DESCRIPTION OF THE RELATED ART

In laboratories, such as for example clinical laboratories in which patient samples are examined and submitted to various in-vitro diagnosis tests, test tubes containing samples (such as blood, urine, etc.) have to be handled in high number and in a cautious but still efficient manner. For years now, automated procedures with corresponding systems and devices have been used in this context.

One aspect during the handling of these sample tubes relates to the tubes being placed in a storage compartment, which can be, for example, a refrigerating device. For efficient handling purposes, the tubes are not handled individually but placed in so-called racks. Usually, the tubes are placed in the racks already by the client, i.e., the person, the department or the institution sending samples to the laboratory, and are then sent or transported to the laboratory in these racks. In the laboratory, the racks with the tubes are subject to further handling steps for testing. Very often, such racks contain tubes with different sizes, heights, diameters, contents, expiration dates of the samples etc., which complicates automated handling so that in some cases further automated insertion of the racks in the test process in the laboratory is not possible, the racks having to be discharged manually.

U.S. Pat. No. 5,985,215 discloses transferring of sample racks, in each of which a plurality of sample containers are held, from a rack feeding unit to a discrimination unit for discriminating a type of each sample container. After the discrimination unit, a plurality of analysing units are installed along a transfer line, and pipetters of different types are provided in the respective analysing units. The discrimination unit detects information on the length and the width of each sample container held in each sample rack by using an optical detector. A control part selects one of the analysing units, suitable for analysing the sample container of which type was discriminated, based on the information detected by the discrimination unit, and transfers the sample container of which type was discriminated, to a sample pipetting position in the selected analysing unit.

Document WO 99/28724 A1 discloses a pathology distribution system for automated sample containers distribution. The system comprises a loading station for loading samples in primary containers of different types, a sample handling station for receiving the containers and identifying the container types and samples therein, and a container distribution station for distributing the containers in areas or racks in the distribution station marked for analysing processes prescribed for the samples therein. The handling station includes an image analyser for imaging the shape and colour of the cap on a container and/or other characteristic parts of the container for identifying the type of the container, and the sample in the container for determining the level and the volume of the sample available for aspiration if required. It also has a bar code reader for identifying the sample in the container. To this end, the image analyser comprises a digital camera which captures the dimensions of a tube. Further, a number of windows within the field of view of the camera are defined for capturing images of parts of the tube. In addition, a pair of windows are defined for capturing respective contrasting black and white colour patches arranged in fixed positions in front of the camera. The images captured through the plurality of windows are compared to stored images of corresponding windows using an algorithm. For imaging, however, the known system has to handle and examine single containers.

SUMMARY

In one aspect, a method for handling laboratory sample tubes is disclosed. Sample tubes contained in an incoming rack (referred to herein as a “primary rack”) are analysed by means of an image analysing unit. Based upon data from the image analysis, the sample tubes' geometry parameters are determined, and it is determined (in an identification and allocation unit 42 which might be part of a CPU (central processing unit) 40 connected to the laboratory system 10 of the invention) whether an analysed tube fulfils predetermined geometry criteria. In case of non-fulfilment of the predetermined criteria, the sample tube is categorized as non-system conform and allocated an according designation by the identification and allocation unit. Each sample tube identified as system conform is entered into further processing and each sample tube identified as non-system conform is entered into error processing. Particularly, each sample tube identified as system conform may be sorted into a so-called secondary rack (such as, for example, a storage rack or another standardised rack compatible with the system requirements) for further processing.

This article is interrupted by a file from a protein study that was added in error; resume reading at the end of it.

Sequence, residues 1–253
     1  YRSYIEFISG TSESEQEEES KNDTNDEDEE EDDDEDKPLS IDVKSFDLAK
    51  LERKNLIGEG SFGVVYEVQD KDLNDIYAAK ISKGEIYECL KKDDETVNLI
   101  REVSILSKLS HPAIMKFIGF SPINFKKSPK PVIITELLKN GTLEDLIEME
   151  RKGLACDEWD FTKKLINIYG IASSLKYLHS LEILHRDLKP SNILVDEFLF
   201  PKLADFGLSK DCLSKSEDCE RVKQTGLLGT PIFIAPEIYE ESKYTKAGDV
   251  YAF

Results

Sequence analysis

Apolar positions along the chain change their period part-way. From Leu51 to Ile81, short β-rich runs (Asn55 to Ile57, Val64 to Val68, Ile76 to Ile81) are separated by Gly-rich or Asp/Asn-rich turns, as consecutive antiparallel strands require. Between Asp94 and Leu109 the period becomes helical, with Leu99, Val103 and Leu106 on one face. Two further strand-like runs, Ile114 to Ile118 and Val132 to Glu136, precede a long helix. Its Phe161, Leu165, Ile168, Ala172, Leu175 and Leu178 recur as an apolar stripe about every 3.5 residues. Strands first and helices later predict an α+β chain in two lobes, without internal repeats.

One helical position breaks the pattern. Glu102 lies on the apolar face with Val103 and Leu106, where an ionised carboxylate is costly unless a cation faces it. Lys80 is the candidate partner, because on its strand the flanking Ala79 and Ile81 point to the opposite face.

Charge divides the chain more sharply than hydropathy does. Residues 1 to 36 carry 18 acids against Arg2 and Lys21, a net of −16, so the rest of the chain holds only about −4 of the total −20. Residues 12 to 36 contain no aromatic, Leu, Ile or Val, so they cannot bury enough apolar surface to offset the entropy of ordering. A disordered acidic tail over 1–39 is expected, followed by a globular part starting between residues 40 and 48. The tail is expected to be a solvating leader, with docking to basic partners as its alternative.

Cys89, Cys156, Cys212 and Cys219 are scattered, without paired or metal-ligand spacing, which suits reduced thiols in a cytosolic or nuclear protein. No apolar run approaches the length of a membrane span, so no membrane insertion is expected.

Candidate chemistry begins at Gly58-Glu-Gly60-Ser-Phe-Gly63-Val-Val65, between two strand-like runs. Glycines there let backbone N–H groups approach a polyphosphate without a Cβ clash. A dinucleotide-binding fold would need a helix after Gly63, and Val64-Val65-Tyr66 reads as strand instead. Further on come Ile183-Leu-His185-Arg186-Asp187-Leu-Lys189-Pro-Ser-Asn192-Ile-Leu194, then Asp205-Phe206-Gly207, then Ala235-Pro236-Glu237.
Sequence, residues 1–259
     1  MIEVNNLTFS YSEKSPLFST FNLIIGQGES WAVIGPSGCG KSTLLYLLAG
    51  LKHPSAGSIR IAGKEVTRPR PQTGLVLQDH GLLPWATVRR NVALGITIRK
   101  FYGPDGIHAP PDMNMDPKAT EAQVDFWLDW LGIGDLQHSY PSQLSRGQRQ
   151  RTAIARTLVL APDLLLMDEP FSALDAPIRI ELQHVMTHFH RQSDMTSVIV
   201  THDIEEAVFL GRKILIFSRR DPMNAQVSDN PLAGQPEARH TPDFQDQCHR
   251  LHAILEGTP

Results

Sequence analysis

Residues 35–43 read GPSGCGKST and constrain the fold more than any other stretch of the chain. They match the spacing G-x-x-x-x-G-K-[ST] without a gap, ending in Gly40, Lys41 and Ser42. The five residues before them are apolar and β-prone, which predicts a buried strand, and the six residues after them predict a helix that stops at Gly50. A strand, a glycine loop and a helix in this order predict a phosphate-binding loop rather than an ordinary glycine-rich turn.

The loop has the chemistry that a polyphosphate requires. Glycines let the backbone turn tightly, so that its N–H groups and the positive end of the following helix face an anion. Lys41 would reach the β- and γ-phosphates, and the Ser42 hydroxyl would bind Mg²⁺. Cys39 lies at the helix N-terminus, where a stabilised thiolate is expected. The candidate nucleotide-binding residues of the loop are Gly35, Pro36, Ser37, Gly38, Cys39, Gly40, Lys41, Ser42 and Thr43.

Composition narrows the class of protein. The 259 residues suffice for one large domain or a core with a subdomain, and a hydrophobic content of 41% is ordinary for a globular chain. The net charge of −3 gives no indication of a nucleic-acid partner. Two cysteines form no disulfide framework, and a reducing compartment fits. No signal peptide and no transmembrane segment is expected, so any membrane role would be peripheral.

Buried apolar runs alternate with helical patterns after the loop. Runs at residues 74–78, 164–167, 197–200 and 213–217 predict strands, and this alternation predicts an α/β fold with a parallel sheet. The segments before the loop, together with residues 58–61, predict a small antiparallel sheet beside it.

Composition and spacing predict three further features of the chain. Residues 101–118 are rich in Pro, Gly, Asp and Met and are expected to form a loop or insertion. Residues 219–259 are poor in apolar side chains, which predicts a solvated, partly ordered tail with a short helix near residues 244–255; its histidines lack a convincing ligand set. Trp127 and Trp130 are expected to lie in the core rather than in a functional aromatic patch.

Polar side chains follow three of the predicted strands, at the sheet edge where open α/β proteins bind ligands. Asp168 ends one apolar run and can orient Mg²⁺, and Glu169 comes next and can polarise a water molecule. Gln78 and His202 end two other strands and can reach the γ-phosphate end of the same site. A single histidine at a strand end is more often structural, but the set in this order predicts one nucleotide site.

Thus, in the method, it is determined whether an analysed sample tube inserted in the laboratory system meets given geometry criteria. Based upon this determination, the sample tube is either categorized as system conform or non-system conform and further processed accordingly. This facilitates the automated handling of sample tubes as there is no typing according to known types of sample tubes as such a comparison proves to be error-prone. Also, in case of new types of tubes emerging, the data base of the system has to be updated. According to the invention, the set of geometry criteria only has to reflect compliance of the sample tubes with system requirements and has not to be changed if new kinds of tubes are used. As a further advantage, sample tubes do not have to be taken out of the primary rack for the analysis but rather can be analysed in their rack position. This allows faster processing and analysis of all tubes in one rack in a short time span or even at once. Particularly, examination of the sample tubes while being placed in the primary rack avoids any handling of tubes by means of a gripper when they are not in compliance with the system requirements. As a result, system robustness is enhanced because the handling of non-compliant or non-conform tubes with a gripper could lead to collision with the sample tube and resulting breakage or unsuccessful handling actions.